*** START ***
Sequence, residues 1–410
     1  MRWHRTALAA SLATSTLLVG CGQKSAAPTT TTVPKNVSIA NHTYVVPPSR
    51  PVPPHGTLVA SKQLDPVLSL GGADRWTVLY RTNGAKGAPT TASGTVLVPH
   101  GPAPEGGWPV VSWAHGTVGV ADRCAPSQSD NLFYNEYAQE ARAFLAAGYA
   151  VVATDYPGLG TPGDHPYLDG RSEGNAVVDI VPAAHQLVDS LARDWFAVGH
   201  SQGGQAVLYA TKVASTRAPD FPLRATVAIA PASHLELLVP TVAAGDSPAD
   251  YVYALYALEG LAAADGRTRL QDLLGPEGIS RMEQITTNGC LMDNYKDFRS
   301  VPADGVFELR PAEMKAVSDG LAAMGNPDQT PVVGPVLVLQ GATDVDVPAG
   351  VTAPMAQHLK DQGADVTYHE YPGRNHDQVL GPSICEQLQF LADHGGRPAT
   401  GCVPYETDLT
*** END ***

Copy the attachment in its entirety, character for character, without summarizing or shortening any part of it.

Sequence, residues 1–410
     1  MRWHRTALAA SLATSTLLVG CGQKSAAPTT TTVPKNVSIA NHTYVVPPSR
    51  PVPPHGTLVA SKQLDPVLSL GGADRWTVLY RTNGAKGAPT TASGTVLVPH
   101  GPAPEGGWPV VSWAHGTVGV ADRCAPSQSD NLFYNEYAQE ARAFLAAGYA
   151  VVATDYPGLG TPGDHPYLDG RSEGNAVVDI VPAAHQLVDS LARDWFAVGH
   201  SQGGQAVLYA TKVASTRAPD FPLRATVAIA PASHLELLVP TVAAGDSPAD
   251  YVYALYALEG LAAADGRTRL QDLLGPEGIS RMEQITTNGC LMDNYKDFRS
   301  VPADGVFELR PAEMKAVSDG LAAMGNPDQT PVVGPVLVLQ GATDVDVPAG
   351  VTAPMAQHLK DQGADVTYHE YPGRNHDQVL GPSICEQLQF LADHGGRPAT
   401  GCVPYETDLT